While recent data darkened the growth outlook for the first quarter, April data has experts predicting housing will maintain its momentum in 2016 and be an economic engine of growth. This insight comes from data recently released by Freddie Mac. The report shows that recent declines in mortgage rates have also boosted refinance potential.
"We've revised down our forecast for economic growth to reflect the recent data for the first quarter, but our outlook for the balance of the year remains modestly optimistic for the economy,” says Sean Becketti, Chief Economist, Freddie Mac. “However, we maintain our positive view on housing. In fact, the declines in long-term interest rates that accompanied much of the recent news should increase mortgage market activity, particularly refinance."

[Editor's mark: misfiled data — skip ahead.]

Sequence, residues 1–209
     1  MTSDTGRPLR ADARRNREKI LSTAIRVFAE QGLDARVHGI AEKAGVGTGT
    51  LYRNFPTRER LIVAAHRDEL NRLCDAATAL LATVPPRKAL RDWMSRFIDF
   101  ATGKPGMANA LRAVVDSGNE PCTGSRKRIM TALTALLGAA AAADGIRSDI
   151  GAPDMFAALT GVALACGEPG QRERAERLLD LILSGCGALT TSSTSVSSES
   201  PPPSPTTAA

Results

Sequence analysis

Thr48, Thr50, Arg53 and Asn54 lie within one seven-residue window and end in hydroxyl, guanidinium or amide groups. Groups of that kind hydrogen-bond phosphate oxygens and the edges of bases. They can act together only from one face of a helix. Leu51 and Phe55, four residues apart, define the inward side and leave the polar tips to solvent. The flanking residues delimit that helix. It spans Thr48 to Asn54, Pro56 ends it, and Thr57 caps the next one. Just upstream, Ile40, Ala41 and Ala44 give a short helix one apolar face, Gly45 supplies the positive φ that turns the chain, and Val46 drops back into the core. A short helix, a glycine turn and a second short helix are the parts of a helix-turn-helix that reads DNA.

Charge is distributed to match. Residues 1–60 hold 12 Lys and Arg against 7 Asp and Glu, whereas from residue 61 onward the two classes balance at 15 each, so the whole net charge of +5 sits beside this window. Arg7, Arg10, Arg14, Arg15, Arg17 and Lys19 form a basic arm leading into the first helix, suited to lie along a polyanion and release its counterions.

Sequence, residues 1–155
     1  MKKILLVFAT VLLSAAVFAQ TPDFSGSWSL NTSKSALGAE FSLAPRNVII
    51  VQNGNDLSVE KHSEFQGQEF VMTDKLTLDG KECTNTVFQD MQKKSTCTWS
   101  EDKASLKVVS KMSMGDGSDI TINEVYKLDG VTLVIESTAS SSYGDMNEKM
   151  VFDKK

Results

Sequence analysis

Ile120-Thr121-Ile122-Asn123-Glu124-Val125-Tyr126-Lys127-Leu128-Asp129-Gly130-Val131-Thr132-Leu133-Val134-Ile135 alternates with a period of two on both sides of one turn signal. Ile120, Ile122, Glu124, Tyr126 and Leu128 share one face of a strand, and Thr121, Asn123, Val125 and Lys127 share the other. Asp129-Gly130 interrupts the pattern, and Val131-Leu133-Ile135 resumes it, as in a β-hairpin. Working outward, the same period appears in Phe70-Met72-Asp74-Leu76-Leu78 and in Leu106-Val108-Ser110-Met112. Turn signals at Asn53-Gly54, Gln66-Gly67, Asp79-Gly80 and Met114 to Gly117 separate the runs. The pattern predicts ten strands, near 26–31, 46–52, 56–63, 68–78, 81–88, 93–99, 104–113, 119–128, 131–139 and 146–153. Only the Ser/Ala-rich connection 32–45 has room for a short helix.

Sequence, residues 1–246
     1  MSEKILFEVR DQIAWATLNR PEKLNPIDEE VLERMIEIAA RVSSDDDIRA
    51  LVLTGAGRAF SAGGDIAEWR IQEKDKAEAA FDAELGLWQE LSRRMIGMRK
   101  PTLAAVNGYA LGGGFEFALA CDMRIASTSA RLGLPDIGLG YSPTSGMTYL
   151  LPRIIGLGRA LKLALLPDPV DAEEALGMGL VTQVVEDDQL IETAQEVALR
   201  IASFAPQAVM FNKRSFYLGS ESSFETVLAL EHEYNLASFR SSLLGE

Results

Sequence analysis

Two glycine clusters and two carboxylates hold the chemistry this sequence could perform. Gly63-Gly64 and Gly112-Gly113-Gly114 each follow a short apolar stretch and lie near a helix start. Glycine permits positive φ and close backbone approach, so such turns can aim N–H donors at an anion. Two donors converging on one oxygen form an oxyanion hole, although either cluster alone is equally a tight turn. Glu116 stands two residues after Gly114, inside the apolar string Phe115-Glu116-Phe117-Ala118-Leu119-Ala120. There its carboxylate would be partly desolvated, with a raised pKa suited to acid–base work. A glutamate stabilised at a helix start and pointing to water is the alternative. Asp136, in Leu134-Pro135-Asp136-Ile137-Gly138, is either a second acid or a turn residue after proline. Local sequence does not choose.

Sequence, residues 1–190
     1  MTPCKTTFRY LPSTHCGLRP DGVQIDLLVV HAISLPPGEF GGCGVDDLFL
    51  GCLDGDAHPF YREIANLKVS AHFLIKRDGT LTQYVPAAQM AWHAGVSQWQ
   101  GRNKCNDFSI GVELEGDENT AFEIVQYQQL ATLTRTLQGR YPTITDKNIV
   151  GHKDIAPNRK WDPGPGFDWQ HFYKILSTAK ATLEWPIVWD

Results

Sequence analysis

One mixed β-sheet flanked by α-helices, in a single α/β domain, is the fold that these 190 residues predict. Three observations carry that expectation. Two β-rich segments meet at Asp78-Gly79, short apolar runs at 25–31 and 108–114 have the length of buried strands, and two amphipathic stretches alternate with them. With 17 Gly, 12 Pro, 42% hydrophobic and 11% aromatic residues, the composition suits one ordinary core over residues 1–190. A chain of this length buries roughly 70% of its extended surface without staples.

Based on new data, first quarter 2016 real GDP growth has been revised down from 1.8 to 1.1 percent.
Expect the labor market to sustain its momentum and the unemployment rate to drop back below 5 percent for 2016 and 2017. Stronger economic growth for the remainder of 2016 and reduced slack in the labor market will drive wage gains above inflation, though the gains are likely to be modest.
Revised the 1-4 family mortgage originations estimate for 2016 up by $50 billion to $1.7 trillion as a result of declining mortgage rates boosting refinance activity.
For the first quarter, the 30-year fixed rate mortgage averaged 3.7 percent. After lowering the forecast for subsequent quarters by a tenth of a percent, expect rates to average 4 percent in 2016.
Forecasting that on average, house prices will rise by 4.8 and 3.5 percent in 2016 and 2017 respectively. Rising home prices will drive up homeowner equity.